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Characters
Earthworm Jim

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Earthworm Jim 2

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Earthworm Jim 3D
Earthworm Jim: Menace 2 the Galaxy

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Earthworm Jim 3D - N64, Windows (1999)

American N64 Cover

European N64 Cover

After the release of Earthworm Jim 2, Shiny was bought by Interplay, who helped publish MDK, their next game. With the Shiny members working on other projects. Interplay saw fit to carry the series into the third dimension, farming the Earthworm Jim property to a different development team in the process. The new guys were VIS Entertainment, who later went on to create the underwhelming State of Emergency games. The N64 version, oddly enough, was published by Rockstar.

Apparently, our hero Jim was involved in a cow accident, which lands him in a trip to the hospital. His enemies (Psy-Crow, Professor Monkey-for-a-Head, along with other new characters like Fatty Rowsell) have infiltrated his mind, so Jim enters his own psyche to do battle. It's an amusing concept that doesn't really pay off, although the final boss is Jim's feminine side, Earthworm Kim.

Earthworm Jim 3D

Like most 2D-to-3D games that were released in the 32/64-bit console era, the developers never quite seemed to understand how to properly make the transition. In this case, Earthworm Jim 3D was turned to mimic other 3D platformers at the time, similar to Rare's games like Donkey Kong 64 and Banzo Kazooie. It controls pretty much like the standard 3D platformer at time - large, boxy environments, slippery controls, and a camera control that you'll constantly need to wrestle with. Whipping enemies doesn't really seem to work, because Jim is always obscuring the viewpoint, so attacking enemies is a matter of getting close and wailing on the button, hoping you'll hit them. The gun aiming controls aren't much better. Although you can still use Jim's head as a helicopter to prolong your jump, you can only spin for less than a second before dropping straight to the ground.

The levels are mostly, although not entirely, linear - there's usually a goal at the end, but occasionally you'll need to talk to a character to obtain a mission, and report back to them when completed. These will yield Golden Udders, which are required to unlock new stages. In addition to hunting down these Udders, you'll also need to pick up floating marbles (since Jim has lost them... get it?), which are also required to open new areas.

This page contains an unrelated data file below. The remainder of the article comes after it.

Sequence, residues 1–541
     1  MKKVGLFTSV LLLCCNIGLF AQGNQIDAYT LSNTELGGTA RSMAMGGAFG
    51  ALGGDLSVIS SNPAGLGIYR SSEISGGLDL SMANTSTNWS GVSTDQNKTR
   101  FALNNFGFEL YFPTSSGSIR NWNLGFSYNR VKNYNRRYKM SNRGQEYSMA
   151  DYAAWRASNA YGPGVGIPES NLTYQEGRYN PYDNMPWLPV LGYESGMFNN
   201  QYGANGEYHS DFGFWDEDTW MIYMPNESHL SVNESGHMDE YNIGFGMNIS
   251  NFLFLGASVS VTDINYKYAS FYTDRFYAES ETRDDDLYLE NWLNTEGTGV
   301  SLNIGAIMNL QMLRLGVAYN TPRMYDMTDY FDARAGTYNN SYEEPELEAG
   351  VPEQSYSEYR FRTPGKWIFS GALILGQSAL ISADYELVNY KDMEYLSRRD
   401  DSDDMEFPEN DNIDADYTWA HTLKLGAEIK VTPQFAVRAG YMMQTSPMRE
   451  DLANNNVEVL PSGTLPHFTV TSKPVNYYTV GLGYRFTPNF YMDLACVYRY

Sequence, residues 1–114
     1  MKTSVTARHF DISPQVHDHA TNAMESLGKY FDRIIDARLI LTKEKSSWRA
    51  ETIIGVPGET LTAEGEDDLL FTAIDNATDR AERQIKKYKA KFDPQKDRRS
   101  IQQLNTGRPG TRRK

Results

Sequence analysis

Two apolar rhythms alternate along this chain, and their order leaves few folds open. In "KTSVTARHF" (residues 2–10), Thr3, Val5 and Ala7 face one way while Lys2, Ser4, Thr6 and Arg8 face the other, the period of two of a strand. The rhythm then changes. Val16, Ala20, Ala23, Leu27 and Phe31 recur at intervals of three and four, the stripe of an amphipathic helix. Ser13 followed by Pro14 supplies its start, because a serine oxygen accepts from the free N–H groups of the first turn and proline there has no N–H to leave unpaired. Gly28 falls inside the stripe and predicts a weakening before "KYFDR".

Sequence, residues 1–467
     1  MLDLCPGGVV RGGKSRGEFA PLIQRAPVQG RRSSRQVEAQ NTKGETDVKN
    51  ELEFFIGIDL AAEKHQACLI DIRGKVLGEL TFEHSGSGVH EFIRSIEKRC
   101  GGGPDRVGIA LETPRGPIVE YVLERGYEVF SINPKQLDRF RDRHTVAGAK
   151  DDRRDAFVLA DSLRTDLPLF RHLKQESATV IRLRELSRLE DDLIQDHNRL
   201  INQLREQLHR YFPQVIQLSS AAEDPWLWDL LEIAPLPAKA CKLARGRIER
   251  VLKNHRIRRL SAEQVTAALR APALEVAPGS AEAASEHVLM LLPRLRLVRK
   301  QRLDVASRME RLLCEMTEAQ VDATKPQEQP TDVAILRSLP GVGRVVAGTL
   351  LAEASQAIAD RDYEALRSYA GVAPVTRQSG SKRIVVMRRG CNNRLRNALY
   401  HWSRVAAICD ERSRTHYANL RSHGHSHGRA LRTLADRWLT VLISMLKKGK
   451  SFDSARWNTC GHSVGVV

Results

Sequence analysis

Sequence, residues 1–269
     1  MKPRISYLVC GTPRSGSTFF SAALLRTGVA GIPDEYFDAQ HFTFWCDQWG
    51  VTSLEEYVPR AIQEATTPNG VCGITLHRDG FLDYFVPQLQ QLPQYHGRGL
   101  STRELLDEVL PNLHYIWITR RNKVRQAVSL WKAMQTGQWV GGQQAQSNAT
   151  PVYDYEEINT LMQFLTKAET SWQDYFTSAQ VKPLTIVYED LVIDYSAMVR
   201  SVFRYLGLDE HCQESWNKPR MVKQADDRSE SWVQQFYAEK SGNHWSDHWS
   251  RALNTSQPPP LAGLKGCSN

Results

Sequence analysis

And here's where the frustration kicks in. The game doesn't actually save which marbles you've picked up, it just keeps a total record. It gets extremely annoying when you're told you need more marbles to enter the next stage, have to backtrack to a previous level, and collecting ALL of the marbles you've gathered already (the game never differentiates) in addition to any extra ones. Furthermore, every time you die, your marble count resets to zero, forcing you to regrab anything you collected in your previous life. There is no word for this kind of tedium.

The environments are all incredibly dull, which is probably the biggest tragedy of the game. Since you're travelling through Jim's brain, you'd expect something really unique, but the first level seems to take place in a warehouse, complete with repetitive wood textures and brown boxes everywhere. The second level is a crazy barnyard, and even that looks boring. There's almost none of the creativity of the previous games. At least Jim's character model looks pretty decent and is fairly well animated.

Earthworm Jim 3D

It's clear that the developers had played the previous Earthworm Jim games and understood its sense of humor, but couldn't even hope to do anything as inspired. Yes, yes, cows and hamsters and bagpipes are funny, but it still lacks freshness. For instance, in the first stage, you pull a trigger which launches several refridgerators into the air. At various points throughout the game, the refridgerators fall on various people you've helped, and Jim even gets squashed at the end. Funny stuff - if you've never seen the first game. Furthermore, there's actual dialogue in this game (although not much voice acting), and it's not nearly as funny as you'd expect it to be. Part of these seems to come from the fact that it's based on the (only slightly funny) cartoon series. Some of it just doesn't fit - at one point, you get a butcher knife that acts like a boomerang, which is used to decapitate enemy cows. Amusing for a Conker game, maybe, but it really doesn't fit in with Earthworm Jim.